By 1829, Jackson was President, and he responded to the Indian problems along the western frontier in the same manner as had Adams with Spanish Florida. Pres. Polk used similar preemptive reasoning in annexing Texas in 1845 - to make certain that the territory did not at some time come under the influence of some European power like Britain or France. Polk extended this reasoning across the entire Southwest to California as one of the justifications for the Mexican War.

  All of this is undoubtedly true - but hardly the whole story. There were many other interests involved in these initiatives. Frequently, the national security interest was far from being the predominant factor.
 &
  By this time, the U.S. was clearly the biggest bully on the North American block. These arguments were little more than makeweights to support expansionist ambitions. U.S. citizens were already flooding westward into these territories.

Preemptive action by the Bush (II) administration in response to the terrorist attacks is well within the traditions of U.S. foreign policy and national security strategy.

  This aggressive preemptive approach continued throughout the 19th century - culminating in the Spanish-American War in 1898. It was not enough to drive the Spaniards out of the Philippines. Pres. McKinley decided to occupy the Island Archipelago - ostensibly to keep the Germans or Japanese from taking it.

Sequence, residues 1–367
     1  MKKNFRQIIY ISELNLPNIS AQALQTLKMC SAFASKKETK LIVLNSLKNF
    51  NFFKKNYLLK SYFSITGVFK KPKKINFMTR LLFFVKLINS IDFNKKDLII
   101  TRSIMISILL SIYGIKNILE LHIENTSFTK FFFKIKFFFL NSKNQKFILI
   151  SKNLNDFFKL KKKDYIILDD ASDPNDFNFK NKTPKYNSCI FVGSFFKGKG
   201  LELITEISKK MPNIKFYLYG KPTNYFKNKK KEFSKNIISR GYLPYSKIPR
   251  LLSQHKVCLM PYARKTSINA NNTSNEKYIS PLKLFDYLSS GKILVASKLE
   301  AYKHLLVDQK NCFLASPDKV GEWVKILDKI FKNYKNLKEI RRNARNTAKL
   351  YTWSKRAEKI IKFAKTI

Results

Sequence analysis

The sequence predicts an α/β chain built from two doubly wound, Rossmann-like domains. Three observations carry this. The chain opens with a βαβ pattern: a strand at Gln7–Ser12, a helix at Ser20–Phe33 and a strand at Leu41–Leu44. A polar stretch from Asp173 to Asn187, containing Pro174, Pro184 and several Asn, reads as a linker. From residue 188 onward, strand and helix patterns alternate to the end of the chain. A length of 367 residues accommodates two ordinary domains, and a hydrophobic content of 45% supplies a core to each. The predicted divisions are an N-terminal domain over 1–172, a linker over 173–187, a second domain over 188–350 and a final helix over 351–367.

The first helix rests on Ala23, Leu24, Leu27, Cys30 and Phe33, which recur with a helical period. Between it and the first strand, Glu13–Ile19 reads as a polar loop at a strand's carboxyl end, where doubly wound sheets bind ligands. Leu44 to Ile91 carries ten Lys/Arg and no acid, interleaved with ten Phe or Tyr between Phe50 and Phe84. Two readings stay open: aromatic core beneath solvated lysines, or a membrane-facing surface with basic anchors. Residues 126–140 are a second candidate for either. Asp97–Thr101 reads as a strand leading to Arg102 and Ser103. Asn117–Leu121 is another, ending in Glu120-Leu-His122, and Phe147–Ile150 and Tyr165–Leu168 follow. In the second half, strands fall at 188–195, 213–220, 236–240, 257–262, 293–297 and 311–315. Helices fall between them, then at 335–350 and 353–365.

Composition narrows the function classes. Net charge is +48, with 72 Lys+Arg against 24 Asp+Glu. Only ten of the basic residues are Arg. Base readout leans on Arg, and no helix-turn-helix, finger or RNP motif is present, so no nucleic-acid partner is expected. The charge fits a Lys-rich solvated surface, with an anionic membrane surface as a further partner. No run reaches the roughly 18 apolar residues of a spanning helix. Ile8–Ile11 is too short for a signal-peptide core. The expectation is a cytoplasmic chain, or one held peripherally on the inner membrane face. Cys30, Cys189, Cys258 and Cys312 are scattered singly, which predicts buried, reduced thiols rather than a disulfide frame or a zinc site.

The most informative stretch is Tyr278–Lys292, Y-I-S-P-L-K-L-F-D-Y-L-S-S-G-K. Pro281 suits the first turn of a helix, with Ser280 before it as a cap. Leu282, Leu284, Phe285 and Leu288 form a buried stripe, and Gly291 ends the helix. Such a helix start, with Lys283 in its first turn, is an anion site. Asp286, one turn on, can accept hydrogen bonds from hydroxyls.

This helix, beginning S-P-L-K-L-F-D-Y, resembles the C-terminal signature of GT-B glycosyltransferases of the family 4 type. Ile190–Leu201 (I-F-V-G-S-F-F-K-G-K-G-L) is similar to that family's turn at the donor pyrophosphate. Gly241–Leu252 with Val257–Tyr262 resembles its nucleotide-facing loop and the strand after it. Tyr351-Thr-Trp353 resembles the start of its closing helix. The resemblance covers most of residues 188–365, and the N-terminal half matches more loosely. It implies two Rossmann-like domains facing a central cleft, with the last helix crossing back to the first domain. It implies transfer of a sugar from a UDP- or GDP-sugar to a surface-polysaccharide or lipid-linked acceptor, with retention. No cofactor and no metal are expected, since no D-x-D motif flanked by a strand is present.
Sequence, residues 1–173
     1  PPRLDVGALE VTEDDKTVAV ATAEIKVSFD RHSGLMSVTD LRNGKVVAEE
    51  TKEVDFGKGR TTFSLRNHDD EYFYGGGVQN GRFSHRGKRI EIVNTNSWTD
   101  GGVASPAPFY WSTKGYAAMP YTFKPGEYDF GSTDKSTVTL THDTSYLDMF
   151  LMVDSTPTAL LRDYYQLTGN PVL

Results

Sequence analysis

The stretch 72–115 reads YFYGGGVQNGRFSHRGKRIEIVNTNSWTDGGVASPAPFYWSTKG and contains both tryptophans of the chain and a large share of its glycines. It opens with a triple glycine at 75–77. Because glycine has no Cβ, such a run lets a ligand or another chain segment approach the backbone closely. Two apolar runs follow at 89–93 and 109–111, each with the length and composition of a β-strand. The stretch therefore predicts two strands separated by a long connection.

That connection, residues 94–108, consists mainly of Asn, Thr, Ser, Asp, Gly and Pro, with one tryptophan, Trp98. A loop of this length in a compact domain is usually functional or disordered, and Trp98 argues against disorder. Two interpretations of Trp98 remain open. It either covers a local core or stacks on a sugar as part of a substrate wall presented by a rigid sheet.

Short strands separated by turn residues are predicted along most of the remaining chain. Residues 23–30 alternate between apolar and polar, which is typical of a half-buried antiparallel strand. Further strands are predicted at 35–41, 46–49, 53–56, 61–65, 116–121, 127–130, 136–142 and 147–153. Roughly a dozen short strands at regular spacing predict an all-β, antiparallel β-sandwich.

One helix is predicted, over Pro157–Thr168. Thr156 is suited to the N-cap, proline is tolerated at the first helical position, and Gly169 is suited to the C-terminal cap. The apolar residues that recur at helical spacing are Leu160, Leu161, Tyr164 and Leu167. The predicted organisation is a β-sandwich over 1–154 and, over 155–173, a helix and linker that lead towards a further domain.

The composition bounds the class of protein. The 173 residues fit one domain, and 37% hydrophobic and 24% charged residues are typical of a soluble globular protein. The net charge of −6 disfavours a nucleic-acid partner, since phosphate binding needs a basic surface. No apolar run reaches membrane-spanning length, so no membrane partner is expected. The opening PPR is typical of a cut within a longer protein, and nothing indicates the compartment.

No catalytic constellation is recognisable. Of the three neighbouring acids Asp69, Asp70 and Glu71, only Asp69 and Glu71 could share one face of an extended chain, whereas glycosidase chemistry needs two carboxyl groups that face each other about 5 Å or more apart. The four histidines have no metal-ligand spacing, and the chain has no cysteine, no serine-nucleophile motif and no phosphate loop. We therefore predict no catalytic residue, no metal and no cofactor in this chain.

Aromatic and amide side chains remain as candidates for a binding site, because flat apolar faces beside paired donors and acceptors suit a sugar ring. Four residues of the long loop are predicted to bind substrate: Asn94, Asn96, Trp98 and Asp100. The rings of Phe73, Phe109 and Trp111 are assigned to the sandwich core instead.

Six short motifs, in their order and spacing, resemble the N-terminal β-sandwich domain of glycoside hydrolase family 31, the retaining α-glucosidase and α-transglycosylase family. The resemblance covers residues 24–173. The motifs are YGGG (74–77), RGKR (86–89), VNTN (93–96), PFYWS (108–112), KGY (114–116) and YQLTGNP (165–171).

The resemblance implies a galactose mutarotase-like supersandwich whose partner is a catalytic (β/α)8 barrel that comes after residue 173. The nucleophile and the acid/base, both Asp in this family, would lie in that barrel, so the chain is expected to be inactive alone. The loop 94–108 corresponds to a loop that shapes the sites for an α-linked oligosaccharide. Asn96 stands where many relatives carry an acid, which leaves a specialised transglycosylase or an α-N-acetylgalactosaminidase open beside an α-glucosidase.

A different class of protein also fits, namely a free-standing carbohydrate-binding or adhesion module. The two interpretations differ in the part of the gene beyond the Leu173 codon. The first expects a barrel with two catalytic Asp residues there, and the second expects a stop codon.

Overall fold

&
  During the first two decades of the 20th century, Presidents Theodore Roosevelt, William Howard Taft, and Woodrow Wilson would use similar reasoning to justify military interventions in Venezuela, the Dominican Republic, Haiti, Nicaragua, and Mexico. What today would be called "failed or derelict states" - nations unable to control their own territories - were recognized as sources of Hemispheric instability requiring forceful intervention.

  "The United States therefore assumed the responsibility for maintaining order, collecting revenues, and paying off debts wherever indigenous regimes in the Caribbean or Central America were unable to do so. The Platt Amendment, written into Cuba's constitution by the Americans in 1901, reserved the right to intervene in that state's internal affairs at any time Washington deemed it advisable. The Panamanian revolution of 1903 and the subsequent construction of the canal across the isthmus were themselves acts of preemption, orchestrated by Roosevelt, with a view to keeping anyone else from building so strategic a waterway in so sensitive a spot. And Wilson's protracted military interventions in Mexico began in 1914 in an effort to prevent the Germans -- who were rumored to be shipping machine guns -- from exploiting domestic instability there."

  Thus, Gaddis asserts, preemptive action by the Bush (II) administration in response to the terrorist attacks is well within the traditions of U.S. foreign policy and national security strategy.
 &

Unilateralism:

 

&

  The U.S. has never relied on "the goodwill of others" for the protection of its own interests. As early as 1793, a young John Quincy Adams wrote that "real independence" required a disconnect "from all European interests and European politics." Entangling alliances were avoided like the plague throughout the 19th century.